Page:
Aechmea biflora
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Aechmea biflora
Was Streptocalyx biflorus.
Species, Ecuador, named by L.B.Smith.
Re-classified and renamed Smith & Spencer, Phytologia 72: 96-8. 1985
Ian Hook, Sydney, 02/08.

Ian Hook, Sydney, 02/08.

Aechmea biflora (L B Smith) Smith & Spencer, Phytologia 72: 96-8. 1992
Streptocalyx biflorus L. B. Smith, Phytologia 24: 448, pI. 5, figs. 15, 16. 1972.
A. S. longifolio (Rudge) Baker, cui affinis, foliorum laminis latioribus, floribus 2 fasciculatis, bracteis florigeris apice tomentoso-lepidotis differt.
Desc from S&D but updated see below. Plant known only from fragments.
Leaves over 50 cm long, laxly and obscurely appressed-lepidote;
Sheaths elliptic;
Blades linear, attenuate to a slender cusp, 30 mm wide, flat, sublaxly serrulate with broad spreading spines 2 mm long, deep red (! Dodson & Thien).
Scape little known, probably short.
Inflorescence subcapitate, densely bipinnate, 9 cm long;
Primary bracts ovate, acute, 7 cm long, glabrous, yellow (! Dodson & Thien), densely dark-serrulate;
Spikes 2-flowered fascicles.
Floral bracts obovate, conduplicate, much exceeding the ovary, serrulate near apex but this concealed by dense linear ferruginous scales.
Sepals slightly asymmetric, spatulate, mucronate, 15 mm long, the apex very finely serrulate;
Petals 35 mm long, naked, pink (! Dodson & Thien);
Stamens included; ovary obconic; placentae subapical; ovules obtuse
Type. Dodson & Thien 2070 (holotype WIS, photo US), tropical rainforest, Topo, along Rio Topo, 1300 m alt, Pastaza, Ecuador, 11 Jan 1962.
Distribution. Known from the type collection only.

Streptocalyx biflorus by Werner Rauh in J Brom. Soc. 35(2) 70-1. 1985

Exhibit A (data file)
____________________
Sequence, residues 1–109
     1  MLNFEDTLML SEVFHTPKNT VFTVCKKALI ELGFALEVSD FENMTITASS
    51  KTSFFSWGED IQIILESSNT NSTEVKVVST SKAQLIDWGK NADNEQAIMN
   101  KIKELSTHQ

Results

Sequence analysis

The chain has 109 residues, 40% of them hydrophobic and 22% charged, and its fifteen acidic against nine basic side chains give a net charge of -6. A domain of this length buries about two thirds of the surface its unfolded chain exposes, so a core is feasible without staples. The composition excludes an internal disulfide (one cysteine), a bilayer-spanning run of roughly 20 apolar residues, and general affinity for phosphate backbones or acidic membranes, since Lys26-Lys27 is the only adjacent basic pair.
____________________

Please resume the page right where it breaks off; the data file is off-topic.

Although most streptocalyx species have very attractive inflorescences they are not found frequently in collections because the leaves form big, very spiny rosettes. The most colorful species is the Ecuadorian S. biflorus with its bright red inner rosette leaves providing a beautiful color contrast with the orange-yellow primary bracts and the pale blue flowers. Since L. B. Smith writes on page 1517 of his work, Bromelioideae, that S. biflorus is "known only from fragments," it seems to me necessary to present color photos (see both front and back covers) of this beautiful plant with the following description:

Plant stemless, propagating by short stolons.
Leaves numerous, forming a spreading rosette of a diameter of 1-1.2 m (in cultivation);
Sheaths conspicuous and merging with the blades, up to 5 cm wide and 10 cm high, dark castaneous-brown in the basal half, green in the upper half with even margins.
Blades 50-60 cm long, subligulate, above the sheath 2 cm wide, attenuate to a pungent tip, slightly canaliculate, sublaxly serrulate with greenish-brown, spreading spines 2 mm long, when young laxly lepidote, later glabrous and then lustrous.
Inner rosette leaves erect at anthesis bright red, postfloral turning to green.
Scape short, postfloral ± 8 cm long, 1.5 cm thick, green glabrous.
Scape bracts subfoliate, erect, longer than the inflorescence, with a short, broad, ovate sheath; this is 3 cm wide and 2 cm high, greenish, blades bright carmine-red, gradually transforming into the primary bracts.
Inflorescence much shorter than the rosette leaves and the basal scape bracts, subcapitate, bipinnate, up to 7 cm long and 8 cm in diameter.
Primary bracts densely spirostichous, the basal (outer) ones broad-triangular with an excavate sheath; this is 4 cm wide and 2 cm high, pale lemon-yellow; the blade 5-6 cm long, in the basal half orange-yellow, in the upper one bright carmine-red, densely lepidote and denticulate at the margin. Upper (inner) primary bracts smaller than the outer ones, uniform orange-yellow, minutely dentate and cucullate at the tip; all primary bracts much exceeding the 2-flowered subsessile spikes.
Floral bracts membranous, thin, extremely carinate, apiculate, dentate at the keel, 1/3 longer than the ovary, but much shorter than the sepals. These are slightly asymmetric, mucronate, l2-15 mm long, the apex very finely obconic;
Petals up to 35 mm long, naked, pale blue-violet (not pink as observed by Dodson and Thien).
Stamens and style included;
Ovary angled, 1 cm thick, 0.7 cm high; ovules subapical, obtuse.
The plant is known only from the type-locality. It was first (1962) collected by Dodson and Thien, No.2070, along the Rio Tope in a tropical rain forest near Topo, Pastaza, East Ecuador, at an altitude of 1300 m. We collected our plant near Lago Agrio, Dptm. Napa, in a wet forest, growing terrestrially at an altitude of 600 m, collecting no. B.G.H. 65480, 1984.

Updated 15/05/21